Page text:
Central Bank argues labor reform will increase informal jobs
On 10 May 2023, the Central Bank’s Group of Labor Market Analysis (GAMLA) presented an analysis on the impacts of the proposed labor reform bill. If passed, the bill would increase average labor costs, potentially leading to the loss of about 450,000 formal jobs in three to four years and increasing informal work by 2.1%. The average labor cost increase could range from 3.2% to 10.7%, and the cost of unfair dismissals could increase between 1.2% and 1.9%. President Gustavo Petro disputed these findings, suggesting that the report used an outdated economic theory. The reform was presented in March 2023 and is currently being debated within Congress’ constitutional committee.
Bill to legalize cannabis commercialization underway
On 9 May 2023, the lower chamber of Congress passed a bill to legalize the distribution, sale and commercialization of cannabis and its derivatives. It will now have to be approved in the Senate, before June 20, to become law. Lawmakers supporting the bill argued that it could provide an estimated USD770 million in tax revenues due to the increased investment that would come from commercializing cannabis. Cannabis is currently legal for medicinal and personal use, and provides an estimated USD215,000 in tax revenues.
President Lasso officially called to impeachment trial
On 11 May 2023, Congress notified President Guillermo Lasso that the motion to hold his impeachment trial had been approved by 88 of 137 legislators, and will be going ahead. Congress now has to arrange a date for the trial. In order to impeach Lasso, the motion must have 92 votes in favor — four more than those received for the request for his trial. For this reason, foreign investors such as Santander and Barclays believe that Lasso will not be impeached. Lasso is facing embezzlement charges related to irregularities in a contract between the state oil fleet (FLOPEC) and the Amazon Tanker Pool Company.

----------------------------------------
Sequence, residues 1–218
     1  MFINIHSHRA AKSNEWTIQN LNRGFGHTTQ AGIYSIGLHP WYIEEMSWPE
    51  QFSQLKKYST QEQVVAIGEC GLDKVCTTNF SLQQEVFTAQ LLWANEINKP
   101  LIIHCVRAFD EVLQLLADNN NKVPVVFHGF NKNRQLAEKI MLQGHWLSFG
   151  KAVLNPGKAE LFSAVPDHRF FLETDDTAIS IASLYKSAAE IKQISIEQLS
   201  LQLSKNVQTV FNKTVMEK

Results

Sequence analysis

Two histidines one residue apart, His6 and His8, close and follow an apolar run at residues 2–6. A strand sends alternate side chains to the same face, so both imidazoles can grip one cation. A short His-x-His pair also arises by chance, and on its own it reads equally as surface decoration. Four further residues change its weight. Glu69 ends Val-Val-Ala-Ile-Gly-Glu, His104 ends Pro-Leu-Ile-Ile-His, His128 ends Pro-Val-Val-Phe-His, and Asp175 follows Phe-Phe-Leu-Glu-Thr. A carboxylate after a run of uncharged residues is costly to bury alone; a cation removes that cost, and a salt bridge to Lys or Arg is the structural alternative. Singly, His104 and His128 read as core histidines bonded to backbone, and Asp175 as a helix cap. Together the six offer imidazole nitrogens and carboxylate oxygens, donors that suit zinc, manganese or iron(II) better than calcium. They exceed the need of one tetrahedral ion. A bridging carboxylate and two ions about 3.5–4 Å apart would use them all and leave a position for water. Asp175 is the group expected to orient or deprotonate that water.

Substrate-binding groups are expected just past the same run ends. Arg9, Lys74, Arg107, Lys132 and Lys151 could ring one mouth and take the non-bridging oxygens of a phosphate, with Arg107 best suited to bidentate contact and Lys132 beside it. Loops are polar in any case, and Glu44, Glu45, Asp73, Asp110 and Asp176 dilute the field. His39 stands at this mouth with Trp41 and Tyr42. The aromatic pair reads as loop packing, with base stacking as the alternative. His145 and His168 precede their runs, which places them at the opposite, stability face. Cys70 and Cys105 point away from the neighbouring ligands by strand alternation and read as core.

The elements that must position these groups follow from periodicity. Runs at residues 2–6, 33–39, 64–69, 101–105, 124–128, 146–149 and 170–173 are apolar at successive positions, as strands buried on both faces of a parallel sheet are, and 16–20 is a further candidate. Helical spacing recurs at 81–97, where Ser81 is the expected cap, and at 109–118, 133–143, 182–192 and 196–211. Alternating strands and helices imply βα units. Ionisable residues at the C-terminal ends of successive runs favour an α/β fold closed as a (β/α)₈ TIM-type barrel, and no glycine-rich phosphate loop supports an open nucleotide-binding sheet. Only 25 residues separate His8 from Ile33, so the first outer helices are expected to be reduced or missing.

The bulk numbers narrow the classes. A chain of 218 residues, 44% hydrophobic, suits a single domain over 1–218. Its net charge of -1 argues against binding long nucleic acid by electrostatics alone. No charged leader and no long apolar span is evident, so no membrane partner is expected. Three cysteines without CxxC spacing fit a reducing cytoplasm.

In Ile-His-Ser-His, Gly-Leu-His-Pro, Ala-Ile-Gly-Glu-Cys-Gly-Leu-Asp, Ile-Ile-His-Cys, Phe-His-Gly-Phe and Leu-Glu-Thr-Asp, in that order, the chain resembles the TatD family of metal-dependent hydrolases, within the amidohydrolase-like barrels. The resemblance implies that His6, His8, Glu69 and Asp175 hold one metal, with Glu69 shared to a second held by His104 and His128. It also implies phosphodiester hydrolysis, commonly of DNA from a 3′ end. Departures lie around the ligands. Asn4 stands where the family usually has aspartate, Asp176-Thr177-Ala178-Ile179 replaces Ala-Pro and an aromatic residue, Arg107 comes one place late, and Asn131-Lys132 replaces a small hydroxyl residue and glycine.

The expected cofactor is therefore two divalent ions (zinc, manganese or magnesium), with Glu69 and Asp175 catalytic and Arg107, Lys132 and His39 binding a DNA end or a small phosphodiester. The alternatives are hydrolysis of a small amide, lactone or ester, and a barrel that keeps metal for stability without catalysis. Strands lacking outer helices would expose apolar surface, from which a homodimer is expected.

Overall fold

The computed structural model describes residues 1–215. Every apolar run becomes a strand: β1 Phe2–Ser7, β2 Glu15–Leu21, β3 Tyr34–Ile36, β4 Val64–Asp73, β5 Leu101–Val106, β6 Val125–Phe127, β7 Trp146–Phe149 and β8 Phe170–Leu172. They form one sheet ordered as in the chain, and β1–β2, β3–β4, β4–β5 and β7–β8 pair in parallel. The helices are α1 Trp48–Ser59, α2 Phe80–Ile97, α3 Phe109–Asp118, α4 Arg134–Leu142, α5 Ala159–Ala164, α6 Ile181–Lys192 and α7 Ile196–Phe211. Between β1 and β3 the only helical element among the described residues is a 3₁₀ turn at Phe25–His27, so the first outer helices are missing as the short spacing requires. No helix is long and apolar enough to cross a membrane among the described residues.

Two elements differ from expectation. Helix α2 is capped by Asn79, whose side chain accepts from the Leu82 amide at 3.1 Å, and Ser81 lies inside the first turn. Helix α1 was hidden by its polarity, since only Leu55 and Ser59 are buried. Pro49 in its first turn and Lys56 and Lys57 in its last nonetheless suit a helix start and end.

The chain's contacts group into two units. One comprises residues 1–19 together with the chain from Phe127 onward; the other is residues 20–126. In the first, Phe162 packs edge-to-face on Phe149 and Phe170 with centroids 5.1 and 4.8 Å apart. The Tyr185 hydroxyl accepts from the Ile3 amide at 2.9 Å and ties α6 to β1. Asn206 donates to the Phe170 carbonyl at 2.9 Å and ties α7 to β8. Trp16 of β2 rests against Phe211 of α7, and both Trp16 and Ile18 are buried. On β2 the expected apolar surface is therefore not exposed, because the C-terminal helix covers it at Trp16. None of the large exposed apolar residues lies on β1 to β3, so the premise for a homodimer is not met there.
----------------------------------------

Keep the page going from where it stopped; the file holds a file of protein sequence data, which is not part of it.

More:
Free trade agreement with China signed
On 10 May 2023, Ecuador signed a commercial treaty with China that eliminates tariffs on a number of goods for a period of up to 20 years. It is expected to come into effect next year if it receives the approval of the Constitutional Court and Congress. The agreement covers the main Ecuadorian exports to China — bananas and shrimp — as well as industrial machinery imported from China. The treaty excludes Ecuador’s textile industry, which is mainly destined for local consumption and accounts for 6% of GDP. China has become Ecuador’s largest trading partner of non-oil products ahead of the US, with more than 60% of its exports going to China. The agreement is expected to double the value of exports to USD12 billion by 2030.
USD 1.2 billion Amazonian oil field Yasuni will be subject to referendum